Starboard Commercial Real Estate

Hans Hansson | June 20, 2006

My college son is interning this summer in my commercial real estate office. Craig is doing a little bit of everything this summer: attending sales meetings, researching, making sales calls, and going out on tours. He is highly motivated and enjoying the experience. He is very outgoing, and his personality and service orientation make him an excellent candidate for a sales job.

On one of Craig's first tours, I introduced him to a broker friend and mentioned that Craig was considering getting into this business some day. The friend responded that Craig would have to be "crazy" to get into such a business as this: "There must be something else you could think about getting involved in."

This broker is has been in the business for at least ten years, and although he is not one of the top brokers in our market, he has been successful. Yet, he voiced what we have heard too many times over the years: that the real estate business is "insane."

In more than 20 years of selling commercial real estate and more than 30 years in sales and management, I have never viewed my career as insane. I have viewed every day as a challenge-as a "game." In this game, I can be competitive each and every day. This is what motivates me to be successful.

Jon Miller, the voice of the San Francisco Giants and ESPN baseball, told a story about how, as a kid, he would go into the basement and pretend to broadcast baseball games, from singing the national anthem to the last pitch of the game. When I was a kid, I was always keeping score, no matter what I was doing-from fishing with my Dad, where I would keep score for the summer on who caught the most fish, to using the baseball portion of the dart board to pretend I was pitching for both sides and competing with myself to see who would win.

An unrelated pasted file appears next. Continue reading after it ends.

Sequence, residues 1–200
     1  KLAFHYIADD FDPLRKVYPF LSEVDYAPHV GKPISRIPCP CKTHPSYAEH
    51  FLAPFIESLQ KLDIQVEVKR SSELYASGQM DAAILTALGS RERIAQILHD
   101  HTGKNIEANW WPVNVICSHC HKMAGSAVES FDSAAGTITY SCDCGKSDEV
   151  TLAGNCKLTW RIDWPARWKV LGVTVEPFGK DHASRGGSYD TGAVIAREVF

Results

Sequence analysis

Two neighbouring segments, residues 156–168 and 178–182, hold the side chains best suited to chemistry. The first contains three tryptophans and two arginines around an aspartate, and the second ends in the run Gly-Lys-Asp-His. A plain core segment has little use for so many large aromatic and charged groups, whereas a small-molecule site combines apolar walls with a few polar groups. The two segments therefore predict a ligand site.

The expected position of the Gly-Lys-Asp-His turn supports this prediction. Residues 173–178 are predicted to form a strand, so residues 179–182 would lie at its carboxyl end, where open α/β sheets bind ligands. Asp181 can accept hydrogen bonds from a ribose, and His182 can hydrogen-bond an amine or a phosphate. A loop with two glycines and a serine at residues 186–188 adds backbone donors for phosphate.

Competition motivates any successful salesperson. It is what keeps us going year after year. The most successful salespeople learn to compete against themselves. I still keep score, comparing my sales results with those of past years and forcing myself to do better this year than last. It never has been about making money for me; it's the excitement of the competition.

Brokers and salespeople need to embrace our business with a positive attitude, not label our career choices as insane. This industry is insane only to those who are not naturally inclined to compete and lack the passion to rise to the challenge.
Posted 13 years, 5 months ago on June 20, 2006
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Comments on this post:

Re: Is a Sales Career Insane?
There is an old saying that goes something like this: "If you cant say anything positive, just dont say anything negative".


2006/07/27 by Nice Guy • • Reply
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Re: Is a Sales Career Insane?
I think Hans is right on the money. I don't think there's anything he wrote that I would disagree with. How about you?

And what he said about brokers embracing their profession with a positive attitude does make a difference. I used to complain about that very thing when I was a publicist. Publicists were always shit upon, blamed and belittled. I used to preach to fellow-publicists that if they would think of themselves as star-makers and a conduit to the success of a production project, they would project a different persona that would enable them to be sought after and looked up to. I think how people see themselves is reflected in how they project themselves to others, as well as how they perform.

Funny, I too used to keep score of the (Cardinal) games when I was a kid. Would also select a "Star of the Game" and also often list "Game Highlights." I still have a notebook with some of my score-keeping pages. And I would also often verbally describe the action. Harry Carey was my role model. Even considered becoming a baseball announcer because of his influence.

I also agree with Hans about the importance of having a competitive nature. I remember that when a new pet supply store would open in our area, it would stimulate the hell out of me. I would go nuts with energized determination to crush them. That competitive edge is lost when folks doubt themselves, because instead of attacking competition, they back away from it, feeling ill-equipped to stand up to it.

My guess is that Hans' philosophy about his profession is a big reason he's been so successful.

2006/08/07 by Anonymous • • Reply
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